ATSC 3.0, also known as “NextGen TV”, is still irrelevant to most cable cutters.


For years now, the broadcast television industry has been talking about plans to revise over-the-air television to a new standard called ATSC 3.0.

Also know as NextGen TV, ATSC 3.0 can offer 4K HDR video, improved dialogue, on-demand display options, and potentially better reception, all for free with an antenna. Stations in 46 US markets are now broadcasting at the new standard, covering nearly half of the United States, with dozens more markets through 2022.

But before you accept the hype and buy compatible TVs or tuners, keep in mind that NextGen TV is still cutting edge technology and broadcasters have yet to realize its biggest benefits. As I wrote last year and the year before, most antenna users can leave ATSC 3.0 out of their cable-cutting plans for now, even if it’s something to keep an eye out for in the future.

NextGen TV updates for 2022

Today, ATSC 3.0 is top of mind thanks to CES, the technology industry’s annual trade show where major TV manufacturers announce new products. The big news for this year’s ATSC 3.0 is that Hisense include ATSC 3.0 tuners on most of its upcoming ULED televisions, becoming the fourth television manufacturer to support the new standard, and the first not to be an original sponsor of the standard.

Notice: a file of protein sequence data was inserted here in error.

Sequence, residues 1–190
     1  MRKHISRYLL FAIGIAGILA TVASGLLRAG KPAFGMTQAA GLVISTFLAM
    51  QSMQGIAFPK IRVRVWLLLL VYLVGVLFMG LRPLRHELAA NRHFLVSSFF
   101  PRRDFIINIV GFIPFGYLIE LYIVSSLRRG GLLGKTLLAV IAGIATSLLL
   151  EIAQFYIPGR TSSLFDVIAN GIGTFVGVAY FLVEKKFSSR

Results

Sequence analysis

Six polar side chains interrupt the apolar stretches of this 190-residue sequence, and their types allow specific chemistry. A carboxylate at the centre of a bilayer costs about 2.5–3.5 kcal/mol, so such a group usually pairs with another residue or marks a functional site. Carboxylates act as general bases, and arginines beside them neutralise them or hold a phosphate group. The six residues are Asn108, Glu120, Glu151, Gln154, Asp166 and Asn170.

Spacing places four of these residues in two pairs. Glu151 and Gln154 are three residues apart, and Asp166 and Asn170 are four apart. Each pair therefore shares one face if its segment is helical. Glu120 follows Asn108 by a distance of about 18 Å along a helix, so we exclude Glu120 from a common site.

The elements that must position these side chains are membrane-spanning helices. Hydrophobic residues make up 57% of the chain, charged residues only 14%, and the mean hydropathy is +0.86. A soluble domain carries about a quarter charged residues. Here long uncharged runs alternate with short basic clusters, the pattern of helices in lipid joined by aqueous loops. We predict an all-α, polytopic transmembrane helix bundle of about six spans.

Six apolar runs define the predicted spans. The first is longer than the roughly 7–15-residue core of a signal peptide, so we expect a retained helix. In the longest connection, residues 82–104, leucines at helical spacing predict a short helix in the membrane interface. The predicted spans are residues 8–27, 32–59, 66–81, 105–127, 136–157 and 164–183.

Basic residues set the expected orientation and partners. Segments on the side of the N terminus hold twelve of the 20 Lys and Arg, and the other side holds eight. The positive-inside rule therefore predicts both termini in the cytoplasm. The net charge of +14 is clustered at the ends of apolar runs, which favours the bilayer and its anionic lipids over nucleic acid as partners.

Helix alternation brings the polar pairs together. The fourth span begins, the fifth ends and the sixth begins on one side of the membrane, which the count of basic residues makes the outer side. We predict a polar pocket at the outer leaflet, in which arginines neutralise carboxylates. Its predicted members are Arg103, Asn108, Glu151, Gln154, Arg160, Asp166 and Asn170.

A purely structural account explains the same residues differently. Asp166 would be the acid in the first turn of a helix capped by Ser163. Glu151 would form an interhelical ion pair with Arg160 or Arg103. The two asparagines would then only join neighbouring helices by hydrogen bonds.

“We are very excited that Hisense is a new entrant, because it is a vote of confidence,” said Anne Schelle, CEO of Pearl TV, a broadcast industry trade group.

uled lineup Hisense

Hisense offers ATSC 3.0 tuner support on many of its ULED 2022 televisions.

Still, ATSC 3.0 remains focused on mid- and high-end TVs. While Sony has brought NextGen TV tuners to all of their TVs, LG and Samsung reserve it for their premium OLED and Neo QLED TVs, respectively. Meanwhile, Hisense is omitting ATSC 3.0 from its less expensive U6H ULED televisions and its lower budget non-ULED televisions. Other value-oriented TV vendors, including Vizio, TCL, Toshiba, and Insignia, haven’t announced NextGen TV support at all.

A new deal between Pearl TV and chipmaker MediaTek could help bring ATSC 3.0 to cheaper TVs by speeding up development, but Schelle said that won’t happen until next year at the earliest.

“I think the hockey stick environment starts in 2023, and it really increases in 2024, and we think by 2025 it will be very difficult to buy a TV without NextGen,” he said.


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